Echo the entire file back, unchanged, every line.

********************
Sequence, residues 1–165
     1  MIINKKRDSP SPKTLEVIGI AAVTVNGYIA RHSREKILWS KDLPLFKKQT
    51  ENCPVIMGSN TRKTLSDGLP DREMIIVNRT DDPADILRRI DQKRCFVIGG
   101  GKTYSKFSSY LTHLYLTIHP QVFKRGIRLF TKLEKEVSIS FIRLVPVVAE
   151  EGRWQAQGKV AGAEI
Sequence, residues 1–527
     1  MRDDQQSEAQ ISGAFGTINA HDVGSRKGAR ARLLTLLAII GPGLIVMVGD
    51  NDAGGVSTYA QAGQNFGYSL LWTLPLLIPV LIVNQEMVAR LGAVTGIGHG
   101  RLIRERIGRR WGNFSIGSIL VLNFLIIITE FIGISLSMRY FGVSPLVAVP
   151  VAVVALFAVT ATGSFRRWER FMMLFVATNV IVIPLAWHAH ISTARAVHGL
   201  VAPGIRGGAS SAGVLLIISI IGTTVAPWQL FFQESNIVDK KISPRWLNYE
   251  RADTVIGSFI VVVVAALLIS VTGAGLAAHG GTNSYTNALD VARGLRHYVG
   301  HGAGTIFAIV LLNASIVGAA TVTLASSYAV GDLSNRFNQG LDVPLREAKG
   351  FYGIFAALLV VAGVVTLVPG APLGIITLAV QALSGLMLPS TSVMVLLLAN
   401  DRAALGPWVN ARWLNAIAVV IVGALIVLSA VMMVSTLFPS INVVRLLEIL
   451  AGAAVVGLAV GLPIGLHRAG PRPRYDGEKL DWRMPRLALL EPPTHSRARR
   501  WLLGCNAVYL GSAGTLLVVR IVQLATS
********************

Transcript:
Sequence, residues 1–165
     1  MIINKKRDSP SPKTLEVIGI AAVTVNGYIA RHSREKILWS KDLPLFKKQT
    51  ENCPVIMGSN TRKTLSDGLP DREMIIVNRT DDPADILRRI DQKRCFVIGG
   101  GKTYSKFSSY LTHLYLTIHP QVFKRGIRLF TKLEKEVSIS FIRLVPVVAE
   151  EGRWQAQGKV AGAEI
Sequence, residues 1–527
     1  MRDDQQSEAQ ISGAFGTINA HDVGSRKGAR ARLLTLLAII GPGLIVMVGD
    51  NDAGGVSTYA QAGQNFGYSL LWTLPLLIPV LIVNQEMVAR LGAVTGIGHG
   101  RLIRERIGRR WGNFSIGSIL VLNFLIIITE FIGISLSMRY FGVSPLVAVP
   151  VAVVALFAVT ATGSFRRWER FMMLFVATNV IVIPLAWHAH ISTARAVHGL
   201  VAPGIRGGAS SAGVLLIISI IGTTVAPWQL FFQESNIVDK KISPRWLNYE
   251  RADTVIGSFI VVVVAALLIS VTGAGLAAHG GTNSYTNALD VARGLRHYVG
   301  HGAGTIFAIV LLNASIVGAA TVTLASSYAV GDLSNRFNQG LDVPLREAKG
   351  FYGIFAALLV VAGVVTLVPG APLGIITLAV QALSGLMLPS TSVMVLLLAN
   401  DRAALGPWVN ARWLNAIAVV IVGALIVLSA VMMVSTLFPS INVVRLLEIL
   451  AGAAVVGLAV GLPIGLHRAG PRPRYDGEKL DWRMPRLALL EPPTHSRARR
   501  WLLGCNAVYL GSAGTLLVVR IVQLATS